Obesity balloons in African-American communities
Lack of exercise and unhealthy eating habits, combined with a genetic predisposition to heart disease and stroke, is raising the risk factor for cardiovascular disease among overweight and obese African-Americans. To combat the obesity epidemic, the American Heart Association is offering free summer programs within the African-American community focusing on various health issues, including healthy cooking, physical activity and cholesterol. The programs are designed to reach people in their homes, churches and workplace. �The one good thing about obesity is that is preventable, but you have to know how to change your lifestyle,� said Augustus Grant, M.D., PhD., president-elect of the American Heart Association and professor of medicine at Duke University. �Obesity can end up being the one factor that increases rates of heart disease and stroke in the African-American community.� According to AHA statistics, 77.3 percent of non-Hispanic black females are overweight and 49 percent are obese; 60.7 percent of non-Hispanic males are overweight and 28.1 percent are obese. More information can be obtained from the AHA at 800-AHA-USA1, or www.americanheart.org
Not with Spike�s name
The fight between filmmaker Spike Lee and media giant Viacom over the latter�s use of the word Spike in the name of Viacom�s TNN station turned further in Lee�s favor when a preliminary injunction by the state Supreme Court in New York City barred TNN from changing its name to Spike TV. Viacom, which stopped displaying the Spike TV logo on television screens, said it stood to lose about $16.8 million in advertising commitments in excess of $100 million. The company argued that the word �spike� is not synonymous with the filmmaker and is a frequently used word. Lee complained that the name change would associate him with the station and the �demeaning, vapid and quasi-pornographic content of Spike TV.�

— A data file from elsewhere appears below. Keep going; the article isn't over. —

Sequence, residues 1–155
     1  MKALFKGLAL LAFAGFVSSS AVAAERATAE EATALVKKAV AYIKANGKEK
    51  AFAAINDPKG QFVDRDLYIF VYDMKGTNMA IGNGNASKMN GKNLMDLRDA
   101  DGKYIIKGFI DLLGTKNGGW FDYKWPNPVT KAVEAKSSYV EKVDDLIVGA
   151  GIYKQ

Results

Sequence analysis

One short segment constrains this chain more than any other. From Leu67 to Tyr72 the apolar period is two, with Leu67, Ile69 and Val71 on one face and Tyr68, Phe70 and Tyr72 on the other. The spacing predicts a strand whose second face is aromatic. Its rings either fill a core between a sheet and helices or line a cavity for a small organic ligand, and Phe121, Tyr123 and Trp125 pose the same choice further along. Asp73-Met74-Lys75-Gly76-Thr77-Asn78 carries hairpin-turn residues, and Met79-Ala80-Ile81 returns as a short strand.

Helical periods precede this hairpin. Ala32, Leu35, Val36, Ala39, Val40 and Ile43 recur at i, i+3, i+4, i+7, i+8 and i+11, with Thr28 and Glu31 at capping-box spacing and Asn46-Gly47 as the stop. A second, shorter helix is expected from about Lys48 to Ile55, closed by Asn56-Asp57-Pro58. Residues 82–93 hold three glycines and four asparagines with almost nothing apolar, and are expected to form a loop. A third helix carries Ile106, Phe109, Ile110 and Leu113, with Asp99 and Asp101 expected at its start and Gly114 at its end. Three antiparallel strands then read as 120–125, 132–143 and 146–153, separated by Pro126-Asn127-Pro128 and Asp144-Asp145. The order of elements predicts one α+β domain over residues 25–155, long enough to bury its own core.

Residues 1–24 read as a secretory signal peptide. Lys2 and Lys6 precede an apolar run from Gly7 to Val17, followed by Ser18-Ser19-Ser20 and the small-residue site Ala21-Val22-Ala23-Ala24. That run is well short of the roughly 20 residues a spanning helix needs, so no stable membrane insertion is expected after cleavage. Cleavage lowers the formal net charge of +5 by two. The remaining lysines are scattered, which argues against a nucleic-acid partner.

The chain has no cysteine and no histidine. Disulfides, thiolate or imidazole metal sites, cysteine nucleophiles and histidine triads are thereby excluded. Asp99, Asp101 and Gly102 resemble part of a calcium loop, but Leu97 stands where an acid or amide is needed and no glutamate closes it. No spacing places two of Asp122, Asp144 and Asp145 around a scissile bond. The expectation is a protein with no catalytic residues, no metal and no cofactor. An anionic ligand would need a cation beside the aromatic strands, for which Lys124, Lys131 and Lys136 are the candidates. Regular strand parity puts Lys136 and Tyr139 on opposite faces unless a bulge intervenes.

A new march on Washington
Forty years after Martin Luther King Jr. delivered his �I Have a Dream� speech in the nation�s capital, his son, Martin Luther King III, and a list of followers will reenact the march in Washington D.C., and other cities to mark the anniversary of the August 28, 1963, event. �Poverty, racism, militarism and violence are still very much real in our society,� King said. �We�ve made strides, but we are not where we need to be in 2003.� King said organizers are focusing on people ages 18 to 30 in hopes of educating them about his father�s ideals and registering them to vote.
Black doctors suffer in silence
In a recent report released by the British Medical Association, almost nine out of 10 doctors in Britain said race played �a significant role� in determining whether or not they had a successful career. The findings came just weeks after the chairman of the Commission for Racial Equality, Trevor Phillips, accused the National Health Service of being �chronically and consistently� racially biased against patients and staff. Other findings revealed that doctors of all races are generally reluctant to speak out against racism in the NHS because of fears it could damage their careers. The report surveyed 476 doctors who qualified in 1995. Seventy-six of the doctors were ethnic minorities and the rest were white.